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Hurricane Patricia wiped out the exceptional droughts in southern US

On October 23 at 6:15 P.M. local time the eye of Hurricane Patricia hit the west coast of Mexico. This tropical cyclone rapidly weakened and left a clear wet trace over Mexico and the southern states of the US.

With data from the new NASA Soil Moisture Active Passive mission (SMAP) we were able to visualize her path. The figure below is a fingerprint of soil moisture change caused by Patricia. We analyzed the satellite data just before and right after the hurricane passed the area and looked at the differences in observations. This gives a very sharp pattern and shows where most rain, caused by the hurricane, fell on the ground, resulting in a strong increase in soil moisture.  

Below we show and intensity map of the soil moisture change (i.e. light blue is a small increase, dark blue is a strong increase in soil moisture) right after Hurricane Patricia passed the continent as seen by NASA’s new satellite mission SMAP.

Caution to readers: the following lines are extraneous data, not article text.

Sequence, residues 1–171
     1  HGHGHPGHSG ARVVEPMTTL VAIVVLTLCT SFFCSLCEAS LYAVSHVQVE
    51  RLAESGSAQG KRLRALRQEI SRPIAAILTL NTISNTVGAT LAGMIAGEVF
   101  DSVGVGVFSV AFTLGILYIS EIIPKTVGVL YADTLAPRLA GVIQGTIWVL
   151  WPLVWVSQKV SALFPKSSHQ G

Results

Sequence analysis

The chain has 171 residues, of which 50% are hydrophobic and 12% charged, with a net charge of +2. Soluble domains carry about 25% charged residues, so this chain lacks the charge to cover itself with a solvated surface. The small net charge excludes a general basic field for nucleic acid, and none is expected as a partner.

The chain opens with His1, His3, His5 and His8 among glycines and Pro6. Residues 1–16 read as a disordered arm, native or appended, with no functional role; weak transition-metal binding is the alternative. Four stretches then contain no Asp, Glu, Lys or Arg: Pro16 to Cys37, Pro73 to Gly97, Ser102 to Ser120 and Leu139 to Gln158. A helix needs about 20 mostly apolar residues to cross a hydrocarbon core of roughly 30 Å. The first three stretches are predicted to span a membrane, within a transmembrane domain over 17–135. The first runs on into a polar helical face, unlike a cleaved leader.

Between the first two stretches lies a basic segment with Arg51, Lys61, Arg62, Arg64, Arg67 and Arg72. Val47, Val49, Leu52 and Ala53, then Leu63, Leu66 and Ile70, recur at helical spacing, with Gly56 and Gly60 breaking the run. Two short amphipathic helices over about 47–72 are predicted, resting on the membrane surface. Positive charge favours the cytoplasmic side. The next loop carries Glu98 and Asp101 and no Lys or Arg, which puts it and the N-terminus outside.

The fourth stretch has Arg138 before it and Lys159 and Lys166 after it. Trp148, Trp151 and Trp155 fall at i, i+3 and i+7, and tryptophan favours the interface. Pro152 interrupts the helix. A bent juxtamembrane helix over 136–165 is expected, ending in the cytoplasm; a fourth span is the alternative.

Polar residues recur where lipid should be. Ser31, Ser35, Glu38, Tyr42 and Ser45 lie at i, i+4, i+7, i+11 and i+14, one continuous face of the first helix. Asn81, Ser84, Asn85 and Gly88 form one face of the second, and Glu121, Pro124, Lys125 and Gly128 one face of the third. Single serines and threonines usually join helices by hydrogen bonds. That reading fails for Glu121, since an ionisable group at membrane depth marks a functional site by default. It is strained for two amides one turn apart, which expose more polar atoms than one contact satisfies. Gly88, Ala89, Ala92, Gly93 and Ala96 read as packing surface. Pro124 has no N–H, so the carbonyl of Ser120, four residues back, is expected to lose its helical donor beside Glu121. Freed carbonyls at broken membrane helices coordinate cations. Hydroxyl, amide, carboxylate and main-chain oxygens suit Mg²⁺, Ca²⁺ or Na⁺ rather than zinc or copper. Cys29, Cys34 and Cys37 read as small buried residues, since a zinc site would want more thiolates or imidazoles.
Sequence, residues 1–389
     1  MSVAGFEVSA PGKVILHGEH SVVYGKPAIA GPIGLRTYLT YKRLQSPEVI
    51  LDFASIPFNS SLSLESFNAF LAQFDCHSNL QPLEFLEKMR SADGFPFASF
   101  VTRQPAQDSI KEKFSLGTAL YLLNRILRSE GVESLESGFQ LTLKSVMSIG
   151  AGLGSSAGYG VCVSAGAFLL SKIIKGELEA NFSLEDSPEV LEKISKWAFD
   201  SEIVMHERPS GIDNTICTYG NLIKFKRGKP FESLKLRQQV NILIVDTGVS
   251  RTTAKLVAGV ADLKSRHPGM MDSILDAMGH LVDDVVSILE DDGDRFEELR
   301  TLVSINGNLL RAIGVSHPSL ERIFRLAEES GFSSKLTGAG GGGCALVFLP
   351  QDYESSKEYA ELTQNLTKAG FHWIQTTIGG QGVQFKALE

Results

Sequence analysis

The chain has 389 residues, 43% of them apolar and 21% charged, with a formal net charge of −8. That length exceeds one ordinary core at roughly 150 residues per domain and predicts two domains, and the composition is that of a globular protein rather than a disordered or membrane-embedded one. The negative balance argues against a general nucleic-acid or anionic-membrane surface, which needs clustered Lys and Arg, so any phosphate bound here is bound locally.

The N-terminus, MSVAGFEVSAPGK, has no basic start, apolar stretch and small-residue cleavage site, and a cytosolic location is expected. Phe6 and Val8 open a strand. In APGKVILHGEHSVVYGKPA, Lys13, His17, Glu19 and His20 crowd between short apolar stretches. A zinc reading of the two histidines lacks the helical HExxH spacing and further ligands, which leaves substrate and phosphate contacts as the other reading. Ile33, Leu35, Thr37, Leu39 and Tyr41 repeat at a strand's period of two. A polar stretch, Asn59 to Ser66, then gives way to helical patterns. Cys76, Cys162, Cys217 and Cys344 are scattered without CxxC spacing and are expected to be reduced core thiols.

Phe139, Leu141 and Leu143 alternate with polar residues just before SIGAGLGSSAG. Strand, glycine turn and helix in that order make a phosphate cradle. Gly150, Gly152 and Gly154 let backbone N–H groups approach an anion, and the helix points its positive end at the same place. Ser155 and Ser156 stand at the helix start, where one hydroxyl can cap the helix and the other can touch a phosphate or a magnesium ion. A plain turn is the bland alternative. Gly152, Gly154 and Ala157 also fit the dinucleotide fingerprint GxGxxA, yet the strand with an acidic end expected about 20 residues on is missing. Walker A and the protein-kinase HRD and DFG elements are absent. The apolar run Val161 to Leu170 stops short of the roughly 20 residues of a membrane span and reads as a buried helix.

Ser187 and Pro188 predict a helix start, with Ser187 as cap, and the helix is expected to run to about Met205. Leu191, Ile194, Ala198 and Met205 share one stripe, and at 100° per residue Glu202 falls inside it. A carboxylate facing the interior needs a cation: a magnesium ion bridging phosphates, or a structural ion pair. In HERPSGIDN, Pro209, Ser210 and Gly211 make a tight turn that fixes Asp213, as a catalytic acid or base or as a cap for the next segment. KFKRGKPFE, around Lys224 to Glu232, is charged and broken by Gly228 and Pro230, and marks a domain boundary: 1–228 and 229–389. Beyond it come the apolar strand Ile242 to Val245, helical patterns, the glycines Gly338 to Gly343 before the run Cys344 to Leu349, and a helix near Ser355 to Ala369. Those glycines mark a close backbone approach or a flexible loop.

Figure 1: Intensity map of the soil moisture change (i.e. light blue is a small increase, dark blue is a strong increase in soil moisture) right after Hurricane Patricia passed the continent as seen by NASA’s new satellite mission SMAP.

The “wet carpet” rolled out by Patricia turned out to be a blessing in disguise, since several southern US states were dealing with severe drought conditions for months. Patricia provided the desired drought-ending precipitation as seen by the recent reports given by the US drought monitor.

Our study clearly demonstrates the under-exposed power of hurricanes. One hurricane can single handed kill an exceptional drought, which has been build up in several months.

While droughts are commonly stopped by long persistent depressions, here we see a single system doing something similar in just one day. To our opinion the capacity of Hurricanes to stop drought conditions is heavily overlooked and needs more attention by the scientific community. This is one example of the natural positive strength of a hurricane.

Us Drought Monitor Oct. 20 2015 before hurricane Patricia
Us Drought Monitor Oct. 27 2015 after hurricane Patricia
Two weekly reports from the US Drought Monitor (www.droughtmonitor.unl.edu) plotted on our study area are shown above. The first one right before the hurricane and the second one right after.
The VanderSat Earth Observation Research Team (www.vandersat.com)
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